Web Pages CMS is designed to be a simple to use, open source content management system. So are countless other content management systems, so what makes Web Pages CMS different? Well, Web Pages CMS is built using the ASP.NET Web Pages framework.
ASP.NET is a mature web development framework from Microsoft. It offers three development models: Web Forms, ASP.NET MVC and Web Pages. Web Forms is an event-driven development model that closely mimics that which Windows Forms developers are used to, with controls, labels and so on that map to HTML elements. One of its major criticisms is that in its attempt to mimic Windows Forms development, ASP.NET Web Forms adds numerous layers of abstraction that hide HTML, CSS and other web technologies. These layers add to the complexity of the framework and result in an increased learning curve.
ASP.NET MVC was designed mainly to resolve another criticism levelled at the Web Forms development model - the difficulty in being able to test Web Forms development. ASP.NET MVC is founded on the principal of extensibility - allowing the developer to cleanly separate modules of code for easy reuse and testing. It implements the Model-View-Controller pattern, and while it brings the developer a lot closer to HTML and other core web development technologies, it is a daunting way to learn web development from scratch.
ASP.NET Web Pages was developed with one aim in mind - to lower the concept count required to learn how to use ASP.NET to develop dynamic web sites. It offers a page-centric development model similar to that experienced by classic ASP or PHP developers, which permits the intermixing of HTML and server-side code in the same file. It introduced a new templating syntax: Razor. Despite the fact that Web Pages makes ASP.NET web development simpler, it still sits on top of the full .NET framework offering developers access to all the same libraries as those that enterprise developers use.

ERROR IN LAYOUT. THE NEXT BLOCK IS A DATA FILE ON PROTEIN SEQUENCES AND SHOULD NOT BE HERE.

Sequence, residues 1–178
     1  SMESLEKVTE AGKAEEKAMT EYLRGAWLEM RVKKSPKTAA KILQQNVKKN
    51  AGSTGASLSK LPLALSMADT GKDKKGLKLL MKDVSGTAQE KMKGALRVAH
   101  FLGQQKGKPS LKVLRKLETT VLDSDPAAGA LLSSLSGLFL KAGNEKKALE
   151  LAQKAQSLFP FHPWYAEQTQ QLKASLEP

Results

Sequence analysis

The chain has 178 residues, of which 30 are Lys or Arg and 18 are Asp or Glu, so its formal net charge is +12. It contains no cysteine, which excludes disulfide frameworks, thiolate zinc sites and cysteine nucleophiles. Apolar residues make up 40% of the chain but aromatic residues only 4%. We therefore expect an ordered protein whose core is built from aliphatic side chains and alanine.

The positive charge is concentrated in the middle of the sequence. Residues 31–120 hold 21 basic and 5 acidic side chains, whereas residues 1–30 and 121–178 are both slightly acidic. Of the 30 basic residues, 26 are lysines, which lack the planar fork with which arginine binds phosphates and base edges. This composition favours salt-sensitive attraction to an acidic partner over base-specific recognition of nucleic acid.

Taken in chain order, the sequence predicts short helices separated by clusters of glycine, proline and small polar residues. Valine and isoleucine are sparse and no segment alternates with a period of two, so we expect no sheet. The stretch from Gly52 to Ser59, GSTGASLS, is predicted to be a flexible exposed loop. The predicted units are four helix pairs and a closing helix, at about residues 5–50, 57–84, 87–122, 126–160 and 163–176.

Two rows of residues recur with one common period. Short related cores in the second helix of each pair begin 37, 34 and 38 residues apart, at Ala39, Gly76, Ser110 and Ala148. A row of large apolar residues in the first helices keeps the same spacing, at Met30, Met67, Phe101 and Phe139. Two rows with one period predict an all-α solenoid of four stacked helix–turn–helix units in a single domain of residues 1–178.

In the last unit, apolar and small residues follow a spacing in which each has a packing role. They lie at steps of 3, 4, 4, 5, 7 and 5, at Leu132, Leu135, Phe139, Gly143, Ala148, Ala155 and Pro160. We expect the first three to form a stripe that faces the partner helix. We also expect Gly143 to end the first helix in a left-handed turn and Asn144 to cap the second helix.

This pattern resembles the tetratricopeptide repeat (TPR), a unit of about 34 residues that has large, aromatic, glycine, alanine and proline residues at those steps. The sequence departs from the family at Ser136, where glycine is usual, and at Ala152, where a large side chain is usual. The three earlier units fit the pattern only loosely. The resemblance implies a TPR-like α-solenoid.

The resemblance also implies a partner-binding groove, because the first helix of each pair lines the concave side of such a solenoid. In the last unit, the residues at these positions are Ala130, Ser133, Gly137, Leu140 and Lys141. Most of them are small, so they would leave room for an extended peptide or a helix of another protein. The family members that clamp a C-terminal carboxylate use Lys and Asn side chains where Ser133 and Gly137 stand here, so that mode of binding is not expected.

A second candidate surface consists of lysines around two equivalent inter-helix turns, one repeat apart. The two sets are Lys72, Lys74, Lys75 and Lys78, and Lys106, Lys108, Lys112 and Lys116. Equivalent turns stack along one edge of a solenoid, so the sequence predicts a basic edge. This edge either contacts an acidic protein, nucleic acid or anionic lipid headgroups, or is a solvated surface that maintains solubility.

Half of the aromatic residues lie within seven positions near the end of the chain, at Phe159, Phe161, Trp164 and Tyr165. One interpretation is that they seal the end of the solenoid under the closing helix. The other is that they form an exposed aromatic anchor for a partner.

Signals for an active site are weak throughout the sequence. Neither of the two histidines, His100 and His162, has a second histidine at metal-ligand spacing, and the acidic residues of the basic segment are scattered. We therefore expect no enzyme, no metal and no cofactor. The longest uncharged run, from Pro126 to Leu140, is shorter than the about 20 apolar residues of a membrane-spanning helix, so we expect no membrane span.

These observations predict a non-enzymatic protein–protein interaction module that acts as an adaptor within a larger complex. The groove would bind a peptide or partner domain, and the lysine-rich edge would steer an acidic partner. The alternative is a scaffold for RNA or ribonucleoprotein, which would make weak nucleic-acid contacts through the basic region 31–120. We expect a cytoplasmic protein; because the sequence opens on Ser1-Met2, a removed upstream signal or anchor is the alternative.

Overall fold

In keeping with the principals behind the ASP.NET Web Pages framework, Web Pages CMS is intended to be simple to use. It is ideal for small to medium sites and over time, additional modules such as blog will be made available so that the system can just as easily be used as a blogging engine.
Web Pages CMS is released under the MIT licence, which basically permits you to do anything you like with it - so long as any copies of the software that you make and distribute retain a copy of the original licence.
The Web Pages CMS project was started by Mike Brind, author of ASP.NET Beginning Web Pages with Microsoft WebMatrix, recipient of Microsoft's Most Valuable Professional (MVP) award for ASP.NET every year since 2008, owner of popular ASP.NET blog www.mikesdotnetting.com and occasional tweeter as @Mikesdotnetting.